If you’ve ever lived or traveled abroad for an extended period of time, one of the things you miss most keenly from back home is your comfort foods. While those items might be available in foreign lands, anyone who has ever tried Polish Tex-Mex, a British hamburger, or even Colorado beef brisket barbecue will tell you those usually poor renditions of the tastes of home only serve to make you miss where you came from all the more.
Such was the case for Verena and Misrael Miranda, two Brazilians making their home in Houston and owning a business — Açaí Brasil — in East Aldine.
The athletic couple met in Texas — Verena got a job in the oil industry after coming to America on a volleyball scholarship, and Misrael is an instructor of jiu-jitsu, a discipline in which he holds a black belt. After some time together, Misrael, who came to Texas years after his wife, began to pine for his beloved açaí — the deep purple tropical palm-tree fruit eaten pretty much everywhere in Brazil morning noon and night.
Verena says that years ago, açaí was only eaten where it was grown: a single Brazilian state near the mouth of the Amazon, where locals eat it often unsweetened as a staple alongside fish and meat. From there it migrated to Rio de Janeiro — a “very fitness-oriented city,” Verena says — where “Cariocas” (as Rio natives are known) tended to eat it sweetened and with fruit added as a pre-workout treat / energy-boosting meal. Among the fruit’s earliest and most important evangelists are Rio’s Gracie family — a large multi-generational clan of jiu-jitsu masters. The Gracies sold the whole country on guarana-laced, banana-topped açaí and today it’s available at every corner store. (The açaí-jiu-jitsu bond is strong in Houston as well as Brazil — there’s the black belt of this store’s co-owner, and the fact that some of their products are available frozen in the shops of several area jiu-jitsu academies and training centers from Clear Lake to Sharpstown and even one as far away as San Angelo.)
So while in Brazil açaí is as easy to find as Coca-Cola in Brazil, that is not the case in Houston. But because Greater Houston is an international city, the homesick Mirandas did find açaí on a few scattered menus around town, but they were disappointed by each of these Americanized versions of the genuine article. “Hawaii was the first place to start making açaí outside of Brazil,” she says. “So what most Americans eat was adapted in Hawaii. What they make is cheaper but not as good.”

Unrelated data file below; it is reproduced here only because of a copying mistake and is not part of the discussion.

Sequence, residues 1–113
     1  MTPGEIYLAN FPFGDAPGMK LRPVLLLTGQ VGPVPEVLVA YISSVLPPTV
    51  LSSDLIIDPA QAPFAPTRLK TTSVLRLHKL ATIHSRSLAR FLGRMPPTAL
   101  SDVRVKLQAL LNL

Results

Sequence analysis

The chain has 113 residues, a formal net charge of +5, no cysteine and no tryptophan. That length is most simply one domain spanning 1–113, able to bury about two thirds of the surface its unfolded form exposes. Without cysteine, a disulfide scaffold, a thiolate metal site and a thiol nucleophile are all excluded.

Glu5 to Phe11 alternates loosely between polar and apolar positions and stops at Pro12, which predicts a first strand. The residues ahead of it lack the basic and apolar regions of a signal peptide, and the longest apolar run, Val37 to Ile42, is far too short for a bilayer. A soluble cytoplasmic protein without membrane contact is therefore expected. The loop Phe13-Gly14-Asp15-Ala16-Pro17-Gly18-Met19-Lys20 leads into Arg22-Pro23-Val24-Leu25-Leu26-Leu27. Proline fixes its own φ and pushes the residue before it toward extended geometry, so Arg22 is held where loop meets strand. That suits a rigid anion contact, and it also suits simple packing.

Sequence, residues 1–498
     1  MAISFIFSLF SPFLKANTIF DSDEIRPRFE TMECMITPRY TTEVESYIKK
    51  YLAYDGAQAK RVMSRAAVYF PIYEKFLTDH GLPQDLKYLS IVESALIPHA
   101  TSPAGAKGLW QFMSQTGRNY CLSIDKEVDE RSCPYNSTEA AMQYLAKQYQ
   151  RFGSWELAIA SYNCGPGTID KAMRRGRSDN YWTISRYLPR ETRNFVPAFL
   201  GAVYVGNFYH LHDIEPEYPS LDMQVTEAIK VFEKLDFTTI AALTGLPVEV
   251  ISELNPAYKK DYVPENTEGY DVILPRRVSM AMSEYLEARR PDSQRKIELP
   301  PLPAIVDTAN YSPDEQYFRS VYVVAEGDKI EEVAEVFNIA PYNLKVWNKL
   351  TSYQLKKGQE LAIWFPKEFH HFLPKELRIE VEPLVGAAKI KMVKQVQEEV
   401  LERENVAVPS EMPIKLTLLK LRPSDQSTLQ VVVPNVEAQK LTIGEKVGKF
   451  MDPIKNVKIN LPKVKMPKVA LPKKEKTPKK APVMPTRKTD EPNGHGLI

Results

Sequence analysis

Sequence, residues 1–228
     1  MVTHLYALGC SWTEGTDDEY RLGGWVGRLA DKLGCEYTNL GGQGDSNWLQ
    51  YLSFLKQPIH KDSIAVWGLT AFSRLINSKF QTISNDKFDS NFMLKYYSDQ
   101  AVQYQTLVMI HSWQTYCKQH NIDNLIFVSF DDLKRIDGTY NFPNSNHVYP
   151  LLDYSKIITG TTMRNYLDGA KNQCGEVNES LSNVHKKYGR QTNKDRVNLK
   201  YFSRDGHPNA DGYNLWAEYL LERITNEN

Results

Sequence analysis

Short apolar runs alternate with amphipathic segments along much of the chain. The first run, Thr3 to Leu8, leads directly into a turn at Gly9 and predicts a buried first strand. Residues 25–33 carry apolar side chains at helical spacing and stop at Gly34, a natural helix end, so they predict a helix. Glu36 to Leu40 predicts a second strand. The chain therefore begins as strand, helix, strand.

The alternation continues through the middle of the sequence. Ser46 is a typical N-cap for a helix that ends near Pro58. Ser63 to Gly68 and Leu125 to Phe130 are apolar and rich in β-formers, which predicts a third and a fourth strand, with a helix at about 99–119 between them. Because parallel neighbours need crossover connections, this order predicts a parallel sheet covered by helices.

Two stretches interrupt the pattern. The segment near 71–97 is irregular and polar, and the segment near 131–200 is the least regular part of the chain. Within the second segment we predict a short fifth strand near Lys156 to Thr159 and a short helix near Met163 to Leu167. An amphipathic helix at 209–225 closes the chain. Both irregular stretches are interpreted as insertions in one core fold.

Frustrated, they decided to take matters into their own hands. After some training and practice, they opened Açaí-Brasil in East Aldine’s High Ridge Business Park, near the corner of Lee Road and Beltway 8. There they now serve açaí drinks, smoothies, and their trademark açaí bowls — a layer of açaí and other flavorings piled high with a wide range of fruits, grains, and other toppings.
As they put it, açaí bowls look and taste almost like ice cream but are dairy-free, unless otherwise specified. The berries are mixed with guarana syrup — like açaí, a tropical fruit energy booster — and topped with everything from bananas and strawberries to oatmeal and peanut butter to honey and condensed milk. Most options are vegan; all are gluten-free.
“It’s what breakfast dreams are made of,” reads their website. “After eating a bowl, you will not only feel happily full (for hours) and have satisfied a sweet craving (no need to cave for a donut), you’ll have also done something that was good for you. Win win.”
I tried one and I would have to say I agree — not only was the açaí at the bottom of the bowl delicious and not-too-sweet, but you could tell the Mirandas carefully select the bananas and fresh strawberries that topped my “Brazilian Style” bowl. The bowls aren’t cheap — prices start around $7 for a small and on up to $18 for the most expensive: the Carioca, a deep layer of açaí topped with honey and granola. There is a limited amount of outdoor seating in front of their small storefront, and the inner courtyard of the industrial warehouse park is surprisingly green and pleasant, given the large verdant retention pond in its center.
While I am not an açaí expert, some reviewers who claim to be on Yelp and Google rave about these bowls. Several call it the best açaí bowl they’ve ever had, one says it has ruined her for all other American açaí bowls, even the best in Miami; and a third reviewer simply calls Açaí-Brasil “the best-kept secret in the metro area.” As for the Mirandas, they love to dip into their own supply: Verena says Misrael eats açaí three or four times a day.
“The secret ingredient is just pure açaí, hard work and love for what we do,” Verena explains on their website.
Açaí-Brasil also offers fruit smoothies and detox juices and a limited menu of authentic Brazilian finger foods: coxinha (chicken croquettes); pão de queijo (gluten-free cheese bread made with tapioca flour); and risole (similar to Brazilian-style beef empanadas).
5750 N Sam Houston Pkwy East #804